Secret Service Text Messages Around Jan. 6 Were Erased, Inspector General Says
WASHINGTON — Text messages sent and received by Secret Service agents around the time of the Jan. 6 attack on the Capitol last year have been erased, an inspector general said on Thursday, prompting concern from the House committee investigating the assault.
In a letter obtained by The New York Times, the inspector general for the Department of Homeland Security, the parent agency of the Secret Service, reported that many of the agents’ texts were erased as part of a device replacement program even after the inspector general had requested them as part of his inquiry into the events of Jan. 6.
The letter was reported earlier by The Intercept.
Representative Bennie Thompson, Democrat of Mississippi and the chairman of both the Jan. 6 committee and the House Homeland Security Committee, said he received a letter on Thursday from the inspector general informing him of the erased text messages.
“It’s concerning,” Mr. Thompson said in an interview. “It’s important for us to get as much information about how this discrepancy occurred.”
In a statement, the Secret Service disputed parts of the inspector general’s findings, saying that it “lost” data on “some phones” as part of a preplanned three-month “system migration” in January 2021, but maintaining that no texts pertinent to the inquiry “had been lost in the migration.”
Key Revelations From the Jan. 6 Hearings
The agency said that the project was underway before it received notice from the inspector general to preserve its data, and that it did not “maliciously” delete text messages.
The news comes as the Jan. 6 committee is investigating an incident involving former President Donald J. Trump and the Secret Service that occurred in his armored Suburban S.U.V. soon after his speech on the Ellipse ended on Jan. 6.
Cassidy Hutchinson, a former White House aide, testified before the panel that a top White House official told her Mr. Trump had become enraged when his security detail refused to take him to the Capitol.
Ms. Hutchinson said she had been told by Anthony M. Ornato, a deputy White House chief of staff, that Mr. Trump tried to grab the wheel of his vehicle when he was told he could not go to the Capitol to join his supporters, some of whom he had been told were armed. Ms. Hutchinson also said Mr. Ornato told her the president “lunged” at his lead Secret Service agent, Robert Engel.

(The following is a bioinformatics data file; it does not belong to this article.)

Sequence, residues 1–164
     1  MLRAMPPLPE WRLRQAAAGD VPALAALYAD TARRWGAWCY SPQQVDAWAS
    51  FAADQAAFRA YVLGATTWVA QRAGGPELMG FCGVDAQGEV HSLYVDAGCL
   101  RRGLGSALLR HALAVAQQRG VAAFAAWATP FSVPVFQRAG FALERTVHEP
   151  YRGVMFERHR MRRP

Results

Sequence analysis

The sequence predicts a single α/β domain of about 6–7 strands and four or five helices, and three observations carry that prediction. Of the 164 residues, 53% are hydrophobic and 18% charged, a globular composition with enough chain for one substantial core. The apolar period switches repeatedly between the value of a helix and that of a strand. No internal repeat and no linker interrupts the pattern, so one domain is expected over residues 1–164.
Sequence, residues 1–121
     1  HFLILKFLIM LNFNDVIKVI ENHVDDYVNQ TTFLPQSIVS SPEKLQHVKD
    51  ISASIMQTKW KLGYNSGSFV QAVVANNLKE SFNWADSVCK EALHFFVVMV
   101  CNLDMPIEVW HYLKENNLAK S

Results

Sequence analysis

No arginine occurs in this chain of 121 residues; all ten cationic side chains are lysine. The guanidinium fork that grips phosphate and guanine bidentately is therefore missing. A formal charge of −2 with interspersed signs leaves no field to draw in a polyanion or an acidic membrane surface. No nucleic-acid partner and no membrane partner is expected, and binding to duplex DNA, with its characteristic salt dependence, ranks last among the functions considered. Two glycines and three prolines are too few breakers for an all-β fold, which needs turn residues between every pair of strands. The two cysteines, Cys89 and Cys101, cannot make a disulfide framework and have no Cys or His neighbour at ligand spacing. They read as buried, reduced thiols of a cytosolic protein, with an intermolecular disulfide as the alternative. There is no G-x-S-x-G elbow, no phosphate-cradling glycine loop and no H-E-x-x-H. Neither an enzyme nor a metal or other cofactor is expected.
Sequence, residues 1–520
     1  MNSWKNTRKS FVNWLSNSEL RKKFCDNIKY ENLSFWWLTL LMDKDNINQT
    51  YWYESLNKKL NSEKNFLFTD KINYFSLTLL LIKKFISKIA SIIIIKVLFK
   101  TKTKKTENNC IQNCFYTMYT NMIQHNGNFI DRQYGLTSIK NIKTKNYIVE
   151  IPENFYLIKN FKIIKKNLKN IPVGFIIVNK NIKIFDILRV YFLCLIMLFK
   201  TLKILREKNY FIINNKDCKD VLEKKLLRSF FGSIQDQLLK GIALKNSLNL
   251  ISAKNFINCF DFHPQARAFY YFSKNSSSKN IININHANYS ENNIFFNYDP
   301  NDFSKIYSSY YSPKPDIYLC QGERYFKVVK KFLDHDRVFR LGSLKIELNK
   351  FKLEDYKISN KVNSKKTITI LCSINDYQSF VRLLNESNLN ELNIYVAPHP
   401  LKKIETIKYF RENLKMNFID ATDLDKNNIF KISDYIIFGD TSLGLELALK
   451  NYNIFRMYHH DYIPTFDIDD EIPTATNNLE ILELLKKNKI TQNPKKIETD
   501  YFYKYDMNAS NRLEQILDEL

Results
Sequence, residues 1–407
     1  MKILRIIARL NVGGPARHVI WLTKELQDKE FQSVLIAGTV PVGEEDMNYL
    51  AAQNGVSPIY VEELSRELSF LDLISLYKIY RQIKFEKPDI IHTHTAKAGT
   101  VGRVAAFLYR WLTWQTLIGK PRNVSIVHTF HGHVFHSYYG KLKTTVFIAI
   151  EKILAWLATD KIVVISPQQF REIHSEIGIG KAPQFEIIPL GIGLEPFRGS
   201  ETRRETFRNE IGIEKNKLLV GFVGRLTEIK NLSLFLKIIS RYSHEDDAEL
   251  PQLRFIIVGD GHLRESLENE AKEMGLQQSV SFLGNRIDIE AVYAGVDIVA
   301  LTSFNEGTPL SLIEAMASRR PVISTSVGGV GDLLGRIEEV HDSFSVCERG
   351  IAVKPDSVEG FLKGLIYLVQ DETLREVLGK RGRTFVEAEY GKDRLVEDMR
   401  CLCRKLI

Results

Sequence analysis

Secret Service officials, speaking on the condition of anonymity, disputed some details in her account. But the officials did say Mr. Engel, Mr. Ornato and the driver of the Suburban were prepared to testify again before the committee and confirm another element of Ms. Hutchinson’s testimony: that Mr. Trump demanded his agents take him to the Capitol, even after they emphasized that it was too dangerous for him to go.
Both Mr. Engel and Mr. Ornato had already spoken to the committee’s investigators before Ms. Hutchinson’s testimony. Mr. Thompson said on Thursday that neither man had yet come in for another interview, but he said the panel was in discussions with them.
The committee also interviewed an officer with Washington’s Metropolitan Police Department who was part of the presidential motorcade that day and told the panel that Mr. Trump’s departure from the Ellipse was delayed because of his anger over not being allowed to go to the Capitol, according to two people familiar with the officer’s testimony.
The officer was not in the S.U.V. with Mr. Trump, but heard communications concerning the altercation and corroborated that the incident occurred, the people said. The officer’s testimony was reported earlier by CNN.
The disclosure about the Secret Service text messages came from Joseph V. Cuffari, the Homeland Security Department’s inspector general. He wrote to the House and Senate committees with jurisdiction over the department on Wednesday, saying that many Secret Service text messages from Jan. 5 and Jan. 6, 2021, “were erased as part of a device replacement program.”
Mr. Cuffari wrote that the texts were erased after the inspector general’s office started an investigation into Jan. 6 and requested electronic communications from the agency. He also reported that Secret Service personnel were declining to provide records to his office without first having department lawyers review them, a process that he said was causing “weekslong delays” and “confusion.”